April 3, 2020

value semantics and pointer semantics

I learned in Bill Kennedy’s Ultimate Go training that the pointer semantics of go code helps guide software program design. This differs from the vague notion of pointer syntax. As a long-time student of syntax vs semantics in logic and mathematics, Kennedy’s teaching felt refreshing as I finally began to understand a fundamental philosophy underpinning go.

See this blog series and these study materials for a more complete explanation. This post serves as my personal recall of the workshop.

Vague Notions

Ruby developers should be familiar with the instance variable

@luggage = { password: 12345 }

def check_password(data = {})
  data[:password] == 12345
end

check_password @luggage

The instance variable assigns data on the heap and passes a reference within the scope of declaration. As an interpreted programming language, Ruby abstracts away the notion of pointers through its object oriented semantics, and we only need to recognize the scoping rules to use references appropriately. The virtual machine takes care of (most of) the rest; certain guidelines prevent programmers from making too much a mess of things. We can happily follow such guidelines and ignore the machine level details.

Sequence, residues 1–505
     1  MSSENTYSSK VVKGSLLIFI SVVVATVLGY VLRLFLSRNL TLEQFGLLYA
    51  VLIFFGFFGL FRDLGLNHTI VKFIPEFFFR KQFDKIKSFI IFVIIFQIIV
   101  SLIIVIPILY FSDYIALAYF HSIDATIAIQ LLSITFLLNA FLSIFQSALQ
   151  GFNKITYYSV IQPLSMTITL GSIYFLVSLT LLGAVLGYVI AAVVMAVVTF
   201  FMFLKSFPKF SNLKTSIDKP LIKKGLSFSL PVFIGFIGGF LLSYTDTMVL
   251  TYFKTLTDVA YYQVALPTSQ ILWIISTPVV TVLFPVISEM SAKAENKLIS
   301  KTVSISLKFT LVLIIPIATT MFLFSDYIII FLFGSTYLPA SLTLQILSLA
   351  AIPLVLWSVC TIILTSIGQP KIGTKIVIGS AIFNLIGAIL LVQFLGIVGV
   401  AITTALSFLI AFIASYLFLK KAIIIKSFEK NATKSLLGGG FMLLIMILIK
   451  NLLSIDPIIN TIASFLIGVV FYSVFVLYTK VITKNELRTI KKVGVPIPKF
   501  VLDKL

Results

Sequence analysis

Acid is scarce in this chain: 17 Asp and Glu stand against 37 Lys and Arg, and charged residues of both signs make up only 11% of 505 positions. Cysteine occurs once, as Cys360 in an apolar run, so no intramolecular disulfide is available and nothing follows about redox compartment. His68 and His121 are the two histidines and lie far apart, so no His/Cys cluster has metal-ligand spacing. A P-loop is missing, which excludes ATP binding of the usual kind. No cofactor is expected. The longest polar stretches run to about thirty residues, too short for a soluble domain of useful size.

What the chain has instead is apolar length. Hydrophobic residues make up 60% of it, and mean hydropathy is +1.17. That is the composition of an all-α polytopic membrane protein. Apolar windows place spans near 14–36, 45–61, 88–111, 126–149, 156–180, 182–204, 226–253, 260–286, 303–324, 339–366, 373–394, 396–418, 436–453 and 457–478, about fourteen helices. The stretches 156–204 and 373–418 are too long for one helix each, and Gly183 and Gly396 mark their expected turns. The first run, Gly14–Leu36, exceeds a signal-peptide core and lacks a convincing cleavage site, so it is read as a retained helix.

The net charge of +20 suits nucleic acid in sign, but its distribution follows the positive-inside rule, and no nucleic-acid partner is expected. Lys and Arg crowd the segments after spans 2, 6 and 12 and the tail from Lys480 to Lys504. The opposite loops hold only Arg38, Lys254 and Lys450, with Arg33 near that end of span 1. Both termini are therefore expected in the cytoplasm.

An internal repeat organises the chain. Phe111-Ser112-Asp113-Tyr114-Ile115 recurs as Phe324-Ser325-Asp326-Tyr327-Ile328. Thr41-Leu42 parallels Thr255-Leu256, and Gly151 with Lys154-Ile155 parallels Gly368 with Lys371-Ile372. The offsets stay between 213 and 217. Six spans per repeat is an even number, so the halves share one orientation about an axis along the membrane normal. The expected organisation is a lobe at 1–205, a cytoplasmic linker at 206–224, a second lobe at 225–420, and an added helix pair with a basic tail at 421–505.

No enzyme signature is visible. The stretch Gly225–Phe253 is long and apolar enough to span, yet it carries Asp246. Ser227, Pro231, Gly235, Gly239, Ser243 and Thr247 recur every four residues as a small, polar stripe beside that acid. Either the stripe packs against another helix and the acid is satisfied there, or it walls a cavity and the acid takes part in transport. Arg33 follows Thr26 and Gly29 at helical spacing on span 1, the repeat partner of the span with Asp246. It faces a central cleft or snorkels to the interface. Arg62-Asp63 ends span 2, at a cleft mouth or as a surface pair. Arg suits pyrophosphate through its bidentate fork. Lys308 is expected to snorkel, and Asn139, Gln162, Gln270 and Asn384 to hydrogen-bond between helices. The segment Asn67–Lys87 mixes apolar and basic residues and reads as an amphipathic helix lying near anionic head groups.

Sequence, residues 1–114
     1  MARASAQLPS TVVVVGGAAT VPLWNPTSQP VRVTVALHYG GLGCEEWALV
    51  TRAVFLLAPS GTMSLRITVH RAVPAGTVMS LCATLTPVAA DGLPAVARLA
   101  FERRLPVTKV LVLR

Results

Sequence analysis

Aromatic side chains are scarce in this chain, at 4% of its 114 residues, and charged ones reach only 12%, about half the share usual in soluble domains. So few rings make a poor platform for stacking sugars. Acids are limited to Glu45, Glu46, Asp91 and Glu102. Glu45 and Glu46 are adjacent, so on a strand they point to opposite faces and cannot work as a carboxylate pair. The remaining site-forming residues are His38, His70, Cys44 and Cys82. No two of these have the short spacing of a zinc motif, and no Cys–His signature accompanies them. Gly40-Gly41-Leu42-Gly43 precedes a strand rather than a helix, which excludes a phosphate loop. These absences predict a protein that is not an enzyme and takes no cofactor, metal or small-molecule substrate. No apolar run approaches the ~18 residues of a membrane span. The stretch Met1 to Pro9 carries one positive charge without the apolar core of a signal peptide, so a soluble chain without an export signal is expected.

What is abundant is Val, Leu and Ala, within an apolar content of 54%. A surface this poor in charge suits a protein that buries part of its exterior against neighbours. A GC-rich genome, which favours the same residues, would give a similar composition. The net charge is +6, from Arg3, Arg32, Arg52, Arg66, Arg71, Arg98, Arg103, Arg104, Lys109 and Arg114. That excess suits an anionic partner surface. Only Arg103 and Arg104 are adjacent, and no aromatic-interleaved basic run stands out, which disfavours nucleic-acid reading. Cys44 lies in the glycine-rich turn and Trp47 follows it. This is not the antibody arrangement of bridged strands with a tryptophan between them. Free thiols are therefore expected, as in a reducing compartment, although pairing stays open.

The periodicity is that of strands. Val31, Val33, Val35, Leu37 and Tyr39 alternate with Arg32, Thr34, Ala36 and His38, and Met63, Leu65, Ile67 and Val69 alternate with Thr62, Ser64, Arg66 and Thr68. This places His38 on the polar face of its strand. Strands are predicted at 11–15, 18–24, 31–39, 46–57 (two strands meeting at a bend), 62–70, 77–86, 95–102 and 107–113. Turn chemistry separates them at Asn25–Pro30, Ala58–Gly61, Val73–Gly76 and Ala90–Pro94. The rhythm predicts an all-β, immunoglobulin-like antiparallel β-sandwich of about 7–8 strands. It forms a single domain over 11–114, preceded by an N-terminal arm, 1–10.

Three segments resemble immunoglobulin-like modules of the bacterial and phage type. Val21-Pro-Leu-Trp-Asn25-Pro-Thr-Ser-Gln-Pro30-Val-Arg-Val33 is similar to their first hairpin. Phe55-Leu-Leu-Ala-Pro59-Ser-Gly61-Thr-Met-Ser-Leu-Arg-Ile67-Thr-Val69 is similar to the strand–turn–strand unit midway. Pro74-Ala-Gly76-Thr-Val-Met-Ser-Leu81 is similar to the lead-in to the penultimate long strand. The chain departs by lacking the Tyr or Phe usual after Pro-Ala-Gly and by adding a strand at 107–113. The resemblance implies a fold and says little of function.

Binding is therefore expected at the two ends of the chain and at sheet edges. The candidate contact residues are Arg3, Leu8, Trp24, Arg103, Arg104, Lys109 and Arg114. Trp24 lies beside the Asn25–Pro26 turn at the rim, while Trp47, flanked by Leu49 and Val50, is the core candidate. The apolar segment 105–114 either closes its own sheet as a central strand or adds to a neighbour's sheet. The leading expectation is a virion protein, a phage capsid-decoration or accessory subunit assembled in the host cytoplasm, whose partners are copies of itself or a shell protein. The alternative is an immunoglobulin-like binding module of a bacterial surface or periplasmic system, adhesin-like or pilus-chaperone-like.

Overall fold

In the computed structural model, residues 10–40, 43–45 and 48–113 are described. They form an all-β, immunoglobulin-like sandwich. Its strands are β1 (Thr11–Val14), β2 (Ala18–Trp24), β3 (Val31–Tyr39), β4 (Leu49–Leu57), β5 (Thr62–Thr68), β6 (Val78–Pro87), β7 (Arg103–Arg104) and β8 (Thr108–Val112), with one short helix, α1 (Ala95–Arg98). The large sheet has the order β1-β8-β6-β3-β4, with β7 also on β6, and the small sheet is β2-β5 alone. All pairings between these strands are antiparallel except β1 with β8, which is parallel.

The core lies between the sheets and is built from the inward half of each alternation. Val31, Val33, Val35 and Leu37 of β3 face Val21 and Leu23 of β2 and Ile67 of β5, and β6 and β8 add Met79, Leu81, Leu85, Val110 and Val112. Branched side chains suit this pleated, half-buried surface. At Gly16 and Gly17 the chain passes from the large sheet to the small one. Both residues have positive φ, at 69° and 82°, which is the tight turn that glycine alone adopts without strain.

Incorrect Semantics

But what about go? The temptation might be to do this, which appears syntactically similar to the Ruby snippet

type luggage struct { password int }

func checkPassword(my *luggage) bool {
  return my.password == 12345
}

func main() {
  my := &luggage{ 12345 }

  checkPassword(my)
}

Both code snippets suffer from the same weakness. But the vague notions around permanence of data don’t tell us precisely what’s going on. Yes, we can say that the ruby program doesn’t really have a need for an instance variable, since the data in the program only sees temporary usage. But it’s the scoping rules that tell us that in ruby, not so much any knowledge about the machine. We could mimic the scoping behavior with the go program by modifying the main function to be the one-liner